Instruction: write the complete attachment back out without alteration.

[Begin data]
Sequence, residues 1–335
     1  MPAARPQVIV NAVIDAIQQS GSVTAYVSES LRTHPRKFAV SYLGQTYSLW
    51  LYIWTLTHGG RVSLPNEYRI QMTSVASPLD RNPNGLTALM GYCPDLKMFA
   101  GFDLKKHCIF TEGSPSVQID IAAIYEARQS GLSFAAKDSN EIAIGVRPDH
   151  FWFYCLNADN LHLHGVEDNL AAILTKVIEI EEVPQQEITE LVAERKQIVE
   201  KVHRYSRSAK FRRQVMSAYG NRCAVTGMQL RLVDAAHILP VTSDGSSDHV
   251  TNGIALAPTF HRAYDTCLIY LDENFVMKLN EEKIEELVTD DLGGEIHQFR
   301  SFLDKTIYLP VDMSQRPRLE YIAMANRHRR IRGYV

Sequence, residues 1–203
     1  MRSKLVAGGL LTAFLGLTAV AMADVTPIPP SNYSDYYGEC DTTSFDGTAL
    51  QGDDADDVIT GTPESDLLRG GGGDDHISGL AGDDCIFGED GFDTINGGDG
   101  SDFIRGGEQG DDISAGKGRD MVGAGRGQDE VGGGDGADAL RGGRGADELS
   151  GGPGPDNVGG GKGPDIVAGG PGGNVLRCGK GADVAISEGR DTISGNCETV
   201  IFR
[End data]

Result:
Sequence, residues 1–335
     1  MPAARPQVIV NAVIDAIQQS GSVTAYVSES LRTHPRKFAV SYLGQTYSLW
    51  LYIWTLTHGG RVSLPNEYRI QMTSVASPLD RNPNGLTALM GYCPDLKMFA
   101  GFDLKKHCIF TEGSPSVQID IAAIYEARQS GLSFAAKDSN EIAIGVRPDH
   151  FWFYCLNADN LHLHGVEDNL AAILTKVIEI EEVPQQEITE LVAERKQIVE
   201  KVHRYSRSAK FRRQVMSAYG NRCAVTGMQL RLVDAAHILP VTSDGSSDHV
   251  TNGIALAPTF HRAYDTCLIY LDENFVMKLN EEKIEELVTD DLGGEIHQFR
   301  SFLDKTIYLP VDMSQRPRLE YIAMANRHRR IRGYV

Sequence, residues 1–203
     1  MRSKLVAGGL LTAFLGLTAV AMADVTPIPP SNYSDYYGEC DTTSFDGTAL
    51  QGDDADDVIT GTPESDLLRG GGGDDHISGL AGDDCIFGED GFDTINGGDG
   101  SDFIRGGEQG DDISAGKGRD MVGAGRGQDE VGGGDGADAL RGGRGADELS
   151  GGPGPDNVGG GKGPDIVAGG PGGNVLRCGK GADVAISEGR DTISGNCETV
   201  IFR